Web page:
Category: Web Browsers
Recently, one of the Apple employers has announced a new WebKit framework, that they call WebKit2.
One of the main framework goals is to utilize a split process model, so the web content would be placed into a separate process. As a result, bad plugin, tab etc. won’t crash the whole web browser.
This behavior is very similar to Chrome’s; however, as split process module is directly integrated into WebKit2 framework, other clients will be able to use it as well.
As for today, initial versions are available for Windows and Mac platforms.
Thanks to Blake for the news tip.
Sometime ago, Microsoft has published a paper called “Enhancing the performance of Windows Internet Explorer 8″ (download here), which states that add-ons are responsible for more than 70% of IE8 crashes and browser sluggishness.
In addition, company has also shared a list of 20 most popular IE8 extensions: Continue Reading
Notice any difference?
After some rumors floating around, it’s now official. Google has announced its partnership with Adobe and its plans to integrate Flash player into Chrome browser. In fact, latest dev build already offers that.
Adobe, Google and Mozilla are also working closely together on the next generation browser plug-in API, which is set to address “the shortcomings of the current browser plug-in model”. Continue Reading
What happens when you remove all the user tracking and background services from Google Chrome? You get SRWare Iron, a Chromium source based web browser that is concerned to protect your privacy. Furthermore, it includes an integrated ad-blocker and “easy to change” User Agent.
What’s the difference between Google Chrome and SRWare Iron? Continue Reading
As first day at Pwn2Own hacking contest nears its end, web browser results are in.
Just like last year, Apple’s Safari 4 on Snow Leopard 10.6 was hacked first, as Charlie Miller set up a remove exploit.
- Microsoft Winning Fans Early with Internet Explorer 9 Preview
- Windows Phone 7 browser is based on Internet Explorer 7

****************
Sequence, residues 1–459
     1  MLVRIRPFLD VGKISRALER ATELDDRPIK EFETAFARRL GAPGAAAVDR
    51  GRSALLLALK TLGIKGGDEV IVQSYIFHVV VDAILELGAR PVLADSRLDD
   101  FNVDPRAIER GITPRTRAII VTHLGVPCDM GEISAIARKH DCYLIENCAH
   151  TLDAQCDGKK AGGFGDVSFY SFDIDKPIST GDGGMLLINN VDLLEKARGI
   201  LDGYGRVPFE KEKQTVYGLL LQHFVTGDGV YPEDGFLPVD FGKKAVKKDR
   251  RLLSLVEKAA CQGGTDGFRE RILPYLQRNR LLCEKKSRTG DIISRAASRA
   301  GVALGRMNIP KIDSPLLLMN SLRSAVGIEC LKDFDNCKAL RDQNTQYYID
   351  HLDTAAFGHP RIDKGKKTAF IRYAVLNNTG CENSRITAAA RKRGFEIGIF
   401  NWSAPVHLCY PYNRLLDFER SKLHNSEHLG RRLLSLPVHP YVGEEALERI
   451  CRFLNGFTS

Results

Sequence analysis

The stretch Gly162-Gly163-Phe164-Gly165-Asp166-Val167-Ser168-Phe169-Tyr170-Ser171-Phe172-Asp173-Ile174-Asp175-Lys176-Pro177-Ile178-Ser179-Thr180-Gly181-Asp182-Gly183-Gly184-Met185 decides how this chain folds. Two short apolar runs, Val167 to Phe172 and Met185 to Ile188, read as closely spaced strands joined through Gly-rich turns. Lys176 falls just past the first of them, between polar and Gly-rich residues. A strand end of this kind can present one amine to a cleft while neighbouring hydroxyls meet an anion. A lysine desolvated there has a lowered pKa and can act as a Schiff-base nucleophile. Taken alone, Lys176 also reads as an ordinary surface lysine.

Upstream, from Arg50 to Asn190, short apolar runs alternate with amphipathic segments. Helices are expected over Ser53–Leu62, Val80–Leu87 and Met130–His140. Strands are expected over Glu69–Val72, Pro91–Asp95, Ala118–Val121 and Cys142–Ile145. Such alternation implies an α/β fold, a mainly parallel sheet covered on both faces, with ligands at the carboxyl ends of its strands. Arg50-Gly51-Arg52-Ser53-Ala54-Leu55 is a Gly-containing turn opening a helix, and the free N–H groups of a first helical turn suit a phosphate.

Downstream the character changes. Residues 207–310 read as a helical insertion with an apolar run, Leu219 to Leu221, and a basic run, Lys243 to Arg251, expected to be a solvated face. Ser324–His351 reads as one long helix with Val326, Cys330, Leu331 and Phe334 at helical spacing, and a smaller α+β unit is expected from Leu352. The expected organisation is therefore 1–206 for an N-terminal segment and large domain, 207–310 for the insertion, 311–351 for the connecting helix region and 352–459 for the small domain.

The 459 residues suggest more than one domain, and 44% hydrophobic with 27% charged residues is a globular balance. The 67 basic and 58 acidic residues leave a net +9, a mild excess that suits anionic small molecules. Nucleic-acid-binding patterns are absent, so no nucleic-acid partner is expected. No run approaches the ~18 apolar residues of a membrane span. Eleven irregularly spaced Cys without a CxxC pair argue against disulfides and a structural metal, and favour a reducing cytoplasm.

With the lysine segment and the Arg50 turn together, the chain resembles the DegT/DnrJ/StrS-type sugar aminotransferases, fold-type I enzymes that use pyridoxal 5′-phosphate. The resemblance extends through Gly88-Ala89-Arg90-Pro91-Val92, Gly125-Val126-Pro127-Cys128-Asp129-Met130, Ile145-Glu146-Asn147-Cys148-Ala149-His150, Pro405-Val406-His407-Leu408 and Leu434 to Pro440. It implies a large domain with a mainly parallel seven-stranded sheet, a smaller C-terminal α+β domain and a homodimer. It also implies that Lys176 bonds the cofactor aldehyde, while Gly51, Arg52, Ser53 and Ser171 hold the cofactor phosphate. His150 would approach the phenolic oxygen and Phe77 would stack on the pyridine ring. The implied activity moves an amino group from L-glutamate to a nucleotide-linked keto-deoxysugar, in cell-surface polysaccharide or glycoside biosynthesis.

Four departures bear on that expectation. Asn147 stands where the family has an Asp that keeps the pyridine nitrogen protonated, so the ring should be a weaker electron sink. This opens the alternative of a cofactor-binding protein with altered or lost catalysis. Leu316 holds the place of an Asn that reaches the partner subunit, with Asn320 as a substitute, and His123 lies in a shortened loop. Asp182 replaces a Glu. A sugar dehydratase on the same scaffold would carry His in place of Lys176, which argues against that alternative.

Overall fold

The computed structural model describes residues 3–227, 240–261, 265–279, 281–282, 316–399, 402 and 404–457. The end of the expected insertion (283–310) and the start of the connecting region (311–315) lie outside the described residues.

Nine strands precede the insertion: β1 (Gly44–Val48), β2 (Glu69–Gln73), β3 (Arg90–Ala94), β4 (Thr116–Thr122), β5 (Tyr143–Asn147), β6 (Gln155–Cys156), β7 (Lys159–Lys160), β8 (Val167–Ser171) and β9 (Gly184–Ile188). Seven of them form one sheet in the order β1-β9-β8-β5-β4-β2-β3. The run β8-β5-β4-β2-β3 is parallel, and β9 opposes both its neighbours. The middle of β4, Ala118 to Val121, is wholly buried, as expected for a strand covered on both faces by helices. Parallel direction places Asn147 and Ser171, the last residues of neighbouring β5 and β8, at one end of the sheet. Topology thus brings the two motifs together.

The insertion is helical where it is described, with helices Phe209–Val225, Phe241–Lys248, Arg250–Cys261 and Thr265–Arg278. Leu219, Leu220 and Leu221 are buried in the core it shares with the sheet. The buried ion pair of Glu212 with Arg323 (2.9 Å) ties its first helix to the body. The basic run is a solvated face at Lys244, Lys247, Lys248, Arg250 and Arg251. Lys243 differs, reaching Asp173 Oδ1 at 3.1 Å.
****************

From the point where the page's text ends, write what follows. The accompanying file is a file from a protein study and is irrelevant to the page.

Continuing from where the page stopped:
- IE8, iPhone will fall first day of hacking contest, predicts organizer
- Firefox 3.0 reaching end of the line
- Clear Firefox’s History for a Single Site
- Chrome Tip: Always restoring tabs
- Google Launches 3D Graphics Driver Project for Chrome
- Opera expands widget offering to all mobile phones
- Opera’s AdMarvel Partners With PointRoll For iPad Advertising Platform
- Analyst Uncovers 20 Security-related Flaws in Safari
- Amazon’s Kindle may get a proper web browser
- Next-gen Web TV apps focus on the browser
- Camino 1.6.11 Released
Thanks to Daniel Hendrycks for links.
It’s been few years since Fennec (Firefox Mobile) was announced. As so much time has passed, it still is a disappointing web browser when compared to its rivals. Well, today Mozilla announced that due to various WinMo7 restrictions, they are stopping development for Windows Mobile 6.5 and 7.0:
“While we think Windows Phone 7 looks interesting and has the potential to do well in the market, Microsoft has unfortunately decided to close off development to native applications. Because of this, we won’t be able to provide Firefox for Windows Phone 7 at this time. Given that Microsoft is staking their future in mobile on Windows Mobile 7 (not 6.5) and because we don’t know if or when Microsoft will release a native development kit, we are putting our Windows Mobile development on hold.”